Do You Dare to Offend?
My previous newsletter on banned and challenged books made me think of the writer's position in the conflict. Writer's don't write to hurt anyone, and most don't purposely target any group with the intention to do harm--at least fiction writers don't. They write about life, and the good writers spell it out clearly so it's believable.
But the threat of being 'politically incorrect' and called all sorts of names, or worse, lies heavy in the back of our minds now-a-days, and while it is important to be mindful of others, it has caused many writers to become afraid to say exactly what they mean. It's an uncomfortable place to be in when we have to decide which way to go--be honest or possibly offend. They tend to squirm around concise words and finally just take the easy way out--whitewashing the truth.
Why are they so afraid? Anyone listening to the news in the last week or so heard about the big fiasco in the government when one political figure told his group, which was meeting privately behind closed doors by the way, that what they were proposing was retarded. Nothing stays behind closed doors, and someone is always offended by words--count on it. My goodness, what an uproar. If this happens between peers in private, imagine putting an offending word in a book for the public to read. The result is writers who are afraid to say what they mean.
Imagine you have a friend or family member who would make a great character. She's fat, a lesbian, and an alcoholic. You know if she reads your book, she's going to recognize herself and be peeved out of her mind. You also know the readers are going to tell you that you shouldn't have called her 'fat' or used the word 'dyke.' What do you call a four-hundred pound lesbian? Perhaps 'differently-sized?' She calls herself a dyke and for the story to work, it needs to be included, but writers are afraid to write it the way it is.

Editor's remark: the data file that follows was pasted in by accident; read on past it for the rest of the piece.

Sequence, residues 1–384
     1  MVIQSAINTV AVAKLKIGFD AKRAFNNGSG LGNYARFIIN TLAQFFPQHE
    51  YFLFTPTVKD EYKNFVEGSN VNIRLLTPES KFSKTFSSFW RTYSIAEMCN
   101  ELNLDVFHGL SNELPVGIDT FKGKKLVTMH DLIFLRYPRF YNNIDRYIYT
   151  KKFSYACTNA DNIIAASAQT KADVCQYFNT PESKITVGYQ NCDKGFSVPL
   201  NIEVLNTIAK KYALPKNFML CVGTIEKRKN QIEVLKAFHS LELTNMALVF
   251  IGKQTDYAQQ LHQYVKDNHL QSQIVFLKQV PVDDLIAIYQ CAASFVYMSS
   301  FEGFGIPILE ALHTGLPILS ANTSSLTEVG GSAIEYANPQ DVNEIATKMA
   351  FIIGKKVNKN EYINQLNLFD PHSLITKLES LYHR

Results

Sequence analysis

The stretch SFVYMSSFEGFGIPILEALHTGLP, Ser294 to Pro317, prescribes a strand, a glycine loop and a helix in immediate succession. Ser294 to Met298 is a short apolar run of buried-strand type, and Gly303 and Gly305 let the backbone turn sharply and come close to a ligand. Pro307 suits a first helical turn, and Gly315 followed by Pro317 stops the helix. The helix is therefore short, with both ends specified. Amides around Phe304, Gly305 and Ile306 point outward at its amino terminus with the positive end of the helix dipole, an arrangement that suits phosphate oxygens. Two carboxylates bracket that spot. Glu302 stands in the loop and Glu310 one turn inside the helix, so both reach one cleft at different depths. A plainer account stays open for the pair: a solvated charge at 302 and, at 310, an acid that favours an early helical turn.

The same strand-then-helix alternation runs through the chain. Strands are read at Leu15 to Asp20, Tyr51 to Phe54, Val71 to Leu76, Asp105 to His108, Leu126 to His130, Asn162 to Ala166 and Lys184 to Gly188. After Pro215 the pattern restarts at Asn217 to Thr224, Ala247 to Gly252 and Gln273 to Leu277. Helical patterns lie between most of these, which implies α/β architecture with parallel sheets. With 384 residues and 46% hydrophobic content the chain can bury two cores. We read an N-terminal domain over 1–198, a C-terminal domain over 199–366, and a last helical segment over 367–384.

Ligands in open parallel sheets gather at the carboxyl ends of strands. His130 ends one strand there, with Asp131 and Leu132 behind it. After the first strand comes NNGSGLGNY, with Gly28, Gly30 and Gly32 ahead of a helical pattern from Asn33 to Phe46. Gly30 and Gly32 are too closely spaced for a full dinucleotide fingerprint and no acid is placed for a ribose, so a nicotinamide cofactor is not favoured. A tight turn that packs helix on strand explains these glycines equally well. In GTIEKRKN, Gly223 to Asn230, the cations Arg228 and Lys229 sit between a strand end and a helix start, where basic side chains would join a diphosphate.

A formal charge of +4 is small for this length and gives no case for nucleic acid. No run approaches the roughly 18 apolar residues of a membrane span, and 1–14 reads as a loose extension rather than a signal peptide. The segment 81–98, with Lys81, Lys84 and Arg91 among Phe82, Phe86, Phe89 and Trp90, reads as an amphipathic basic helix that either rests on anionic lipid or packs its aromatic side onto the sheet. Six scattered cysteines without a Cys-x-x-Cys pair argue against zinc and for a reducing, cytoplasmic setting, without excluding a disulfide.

What you decide will make the difference between a story with meat on its bones or something that offends no one, but won't be a good story, either. It won't tell any truths about life. If you think that 'differently-abled' is an appropriate synonym for 'crippled,' or that 'appearance-challenged' is a better use of the English language than 'ugly,' you're limiting your story-telling possibilities.
We're not all the same. We are fat and thin and skinny; we are smart and stupid, geniuses and retards; we are straight and queer and everything in between; we are sick and healthy; we are tall and short; we are moral and immoral, good and evil; we are honest and we are liars. We come in two sexes, male and female. We're not black or white, red or yellow...we are various shades of brown.
Using only non-offensive language to censor this fact is not going to change the fact. Nor is it going to change the fact that Aunt Mamie is fat and stinks of sweat even on cool days, or that she's a rude, self-centered, demanding woman who thinks the world owes her something because she's a lesbian. She is who she is---a person and an individual. She is not a member of a class, nor is she an archetype or a symbol, and you can't compare her to any other people you know. She is who she is. And if you try to sugar-coat her to keep from offending people who are looking for the chance to be offended, you are going to end up eviscerating everything about her that makes her interesting and unique--that becomes a great character that readers will remember.
Say what you mean.
Humanity is worth getting to know in the form that it takes. People as they really are are fascinating, challenging, diverse, wonderful, awful, amazing, complex, many-faceted, colorful.
Don't sacrifice your writing or your characters because you're afraid of offending or afraid to face the nuts that come out of the woodwork when you say what you mean.
Write the words that tell your story, even if they hurt. Take a stand, knowing that the only way you are ever going to say something that matters is if you have the guts to say anything in the first place. Walk away from the weasel words, admit that death waits for you at the end of your life, and call your character short or fat or skinny or stupid or ugly or perverted.
Thanks for reading.